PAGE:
Read more and see some of the artwork featured in the "Hidden Truths" exhibit on the next page.
Before COVID-19, Brooks was named the first curator in residence for the Art on the Atlanta BeltLine, which features the work of hundreds of visual artists, performers and musicians spanning 12 miles along the 22-mile Atlanta BeltLine corridor and touching almost 20 intown communities. As an advocate and contributing player in not only the arts community, but also Atlanta as a whole, she explained the goal of the “Hidden Truths" exhibit is to highlight Black artists' voices through their creative process.
"As we continue to retain our subconscious minds at a soul level, we learn to control our emotions and yet be present with [them] at the same time," she explained. "This is a reminder that art is therapy. Art is meditation. Art is prayer.”
"Hidden Truths: Group Exhibition Exploring Shadow Work" is on display through March 6, 2021. Film screenings from local filmmakers Emef Griffin, Melissa Alexander, Olamma, Oparah and Arshley Emile surrounding shadow work, also will take place throughout the space.
For more information, follow @hiddentruthgallery333 and #hiddentruthsATL on Instagram.
Check out the gallery of photos below from the exhibit, which continues through March 6.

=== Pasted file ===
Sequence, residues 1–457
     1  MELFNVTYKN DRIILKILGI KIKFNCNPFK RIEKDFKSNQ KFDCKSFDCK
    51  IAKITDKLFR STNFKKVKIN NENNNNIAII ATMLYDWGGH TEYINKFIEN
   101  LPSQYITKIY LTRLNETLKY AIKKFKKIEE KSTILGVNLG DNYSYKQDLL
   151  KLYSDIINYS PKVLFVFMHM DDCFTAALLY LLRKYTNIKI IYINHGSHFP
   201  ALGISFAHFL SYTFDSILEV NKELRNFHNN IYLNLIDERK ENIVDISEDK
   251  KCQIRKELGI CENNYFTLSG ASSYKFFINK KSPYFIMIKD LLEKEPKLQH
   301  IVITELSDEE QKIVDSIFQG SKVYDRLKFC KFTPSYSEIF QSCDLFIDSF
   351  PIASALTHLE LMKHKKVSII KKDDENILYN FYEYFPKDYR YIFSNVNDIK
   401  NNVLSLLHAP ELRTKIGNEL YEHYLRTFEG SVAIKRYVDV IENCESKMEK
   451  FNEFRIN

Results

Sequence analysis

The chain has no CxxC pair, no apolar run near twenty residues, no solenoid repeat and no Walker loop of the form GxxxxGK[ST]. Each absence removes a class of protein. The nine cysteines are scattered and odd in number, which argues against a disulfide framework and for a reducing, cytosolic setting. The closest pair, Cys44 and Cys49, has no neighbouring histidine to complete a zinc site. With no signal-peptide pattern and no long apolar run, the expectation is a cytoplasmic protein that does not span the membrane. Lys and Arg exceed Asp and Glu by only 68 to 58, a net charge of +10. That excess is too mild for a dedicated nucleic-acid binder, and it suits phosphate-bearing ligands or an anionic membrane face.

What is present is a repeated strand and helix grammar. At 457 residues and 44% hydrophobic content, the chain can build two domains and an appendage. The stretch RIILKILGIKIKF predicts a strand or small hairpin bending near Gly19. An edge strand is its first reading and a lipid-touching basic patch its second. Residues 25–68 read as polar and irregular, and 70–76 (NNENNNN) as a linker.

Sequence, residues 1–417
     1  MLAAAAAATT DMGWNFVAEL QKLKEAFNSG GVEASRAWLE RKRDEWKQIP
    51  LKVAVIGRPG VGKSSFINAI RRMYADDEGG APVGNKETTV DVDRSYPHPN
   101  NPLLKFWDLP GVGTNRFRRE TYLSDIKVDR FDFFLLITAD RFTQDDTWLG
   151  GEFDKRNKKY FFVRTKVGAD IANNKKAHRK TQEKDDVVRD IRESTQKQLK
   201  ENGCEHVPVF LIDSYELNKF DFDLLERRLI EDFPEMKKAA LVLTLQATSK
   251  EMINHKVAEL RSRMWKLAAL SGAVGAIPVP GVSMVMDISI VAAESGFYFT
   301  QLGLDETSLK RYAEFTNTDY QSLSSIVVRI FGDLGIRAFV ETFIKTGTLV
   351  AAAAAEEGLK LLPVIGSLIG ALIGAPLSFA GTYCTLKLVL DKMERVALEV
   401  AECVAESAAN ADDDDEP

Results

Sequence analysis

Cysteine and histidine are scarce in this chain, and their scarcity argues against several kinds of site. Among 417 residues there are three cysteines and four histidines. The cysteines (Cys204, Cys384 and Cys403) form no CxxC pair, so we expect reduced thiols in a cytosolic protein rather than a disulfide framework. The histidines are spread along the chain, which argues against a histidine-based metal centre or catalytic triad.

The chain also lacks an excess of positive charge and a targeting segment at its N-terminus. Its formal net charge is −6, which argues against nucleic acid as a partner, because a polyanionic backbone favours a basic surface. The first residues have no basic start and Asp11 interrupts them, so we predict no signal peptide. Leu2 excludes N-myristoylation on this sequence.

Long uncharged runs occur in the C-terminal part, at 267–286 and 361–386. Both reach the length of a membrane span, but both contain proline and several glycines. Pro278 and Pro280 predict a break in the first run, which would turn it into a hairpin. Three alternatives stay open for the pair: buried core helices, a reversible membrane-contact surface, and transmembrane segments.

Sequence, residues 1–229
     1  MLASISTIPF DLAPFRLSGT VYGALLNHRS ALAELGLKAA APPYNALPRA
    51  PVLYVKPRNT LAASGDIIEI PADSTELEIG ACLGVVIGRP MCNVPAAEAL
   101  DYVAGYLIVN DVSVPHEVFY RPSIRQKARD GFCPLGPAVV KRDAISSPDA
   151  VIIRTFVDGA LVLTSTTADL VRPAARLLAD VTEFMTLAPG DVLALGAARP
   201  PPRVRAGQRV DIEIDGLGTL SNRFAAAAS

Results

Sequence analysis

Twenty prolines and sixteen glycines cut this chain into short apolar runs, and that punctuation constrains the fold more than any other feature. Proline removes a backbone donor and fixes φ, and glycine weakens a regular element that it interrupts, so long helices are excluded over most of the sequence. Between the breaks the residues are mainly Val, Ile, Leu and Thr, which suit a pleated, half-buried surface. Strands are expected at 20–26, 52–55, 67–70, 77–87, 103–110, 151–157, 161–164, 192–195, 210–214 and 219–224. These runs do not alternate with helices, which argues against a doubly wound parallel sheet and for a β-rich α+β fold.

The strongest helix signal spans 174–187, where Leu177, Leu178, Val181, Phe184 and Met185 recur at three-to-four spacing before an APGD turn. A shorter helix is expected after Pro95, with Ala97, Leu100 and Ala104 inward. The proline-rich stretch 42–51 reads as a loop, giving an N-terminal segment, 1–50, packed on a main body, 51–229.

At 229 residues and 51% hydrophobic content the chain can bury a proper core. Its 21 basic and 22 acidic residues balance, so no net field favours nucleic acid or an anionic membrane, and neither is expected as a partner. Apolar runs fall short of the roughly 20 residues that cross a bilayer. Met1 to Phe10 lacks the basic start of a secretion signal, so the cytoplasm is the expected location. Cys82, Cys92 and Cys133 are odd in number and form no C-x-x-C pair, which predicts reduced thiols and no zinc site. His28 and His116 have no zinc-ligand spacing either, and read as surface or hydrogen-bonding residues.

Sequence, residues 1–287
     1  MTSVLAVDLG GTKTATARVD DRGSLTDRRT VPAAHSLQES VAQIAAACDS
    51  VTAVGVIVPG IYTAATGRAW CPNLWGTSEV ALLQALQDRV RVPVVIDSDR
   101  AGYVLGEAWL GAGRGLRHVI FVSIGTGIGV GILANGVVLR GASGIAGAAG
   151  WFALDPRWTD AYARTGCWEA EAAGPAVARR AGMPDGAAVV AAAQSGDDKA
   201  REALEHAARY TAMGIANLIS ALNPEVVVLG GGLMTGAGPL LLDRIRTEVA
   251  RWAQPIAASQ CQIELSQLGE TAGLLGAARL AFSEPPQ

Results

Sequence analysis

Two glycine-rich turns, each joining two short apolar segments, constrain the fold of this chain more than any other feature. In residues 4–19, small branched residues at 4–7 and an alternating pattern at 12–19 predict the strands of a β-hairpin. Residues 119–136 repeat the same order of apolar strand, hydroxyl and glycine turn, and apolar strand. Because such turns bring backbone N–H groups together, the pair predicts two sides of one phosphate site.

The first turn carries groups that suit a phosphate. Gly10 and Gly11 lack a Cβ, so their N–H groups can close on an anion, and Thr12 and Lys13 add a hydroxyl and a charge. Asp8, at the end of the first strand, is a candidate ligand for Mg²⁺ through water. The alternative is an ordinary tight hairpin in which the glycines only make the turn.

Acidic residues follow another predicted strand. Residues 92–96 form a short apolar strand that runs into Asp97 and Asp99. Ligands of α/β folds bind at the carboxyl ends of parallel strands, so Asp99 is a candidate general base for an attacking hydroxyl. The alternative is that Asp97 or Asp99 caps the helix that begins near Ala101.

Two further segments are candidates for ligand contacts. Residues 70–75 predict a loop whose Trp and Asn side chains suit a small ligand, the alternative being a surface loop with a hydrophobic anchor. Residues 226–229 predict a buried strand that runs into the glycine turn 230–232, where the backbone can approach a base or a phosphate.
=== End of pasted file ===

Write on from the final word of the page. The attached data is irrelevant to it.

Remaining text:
It’s been about a year since the last major urban fine arts exhibit was held in Atlanta. The pandemic has shut down many events, yet the arts community continues to thrive.
Fourteen Atlanta artists are sharing personal works in a new group exhibition that opened this month titled "Hidden Truths." The exhibition asks two questions: "How did you deal with your mental health?" and "How do you define shadow work?" According to the exhibit's curator, Courtney Brooks, shadow work is an examination of the inner self and an acknowledgment of the flaws that we may carry.
"Hidden Truths" is on display at the Hidden Gallery at Peter Street Station in Atlanta's Castleberry Hill Arts District. Despite opening to a masked crowd on Feb. 12, 2021, the audience remained excited throughout the event, with DJ Tyler Prince setting the mood with collective classics and cutting-edge music.
“Although many have thrived during this ongoing pandemic, it is important to focus on what helped us survive through the dark spaces that we find ourselves in at times,” Brooks said. “Topics covering soul care and healing, impostor syndrome, the journey of discovering how to forgive and hold ourselves accountable for our toxic behaviors. Instead of running from these thoughts, the challenge is for artists to focus and explore conceptual art in various mediums that will create work that is impactful and truthful.
“Featuring dope artists like Miya Bailey, Rita P. Harper, Sean Fahie, Uncle Bree and Jonathan Banks to name a few, did not hesitate in sharing their message behind the work. Some include photography, self-portraits dealing with depression, self-sabotage, and forgiveness, while others lean towards a healing space, reflection, prayer and understanding the importance of boundaries.”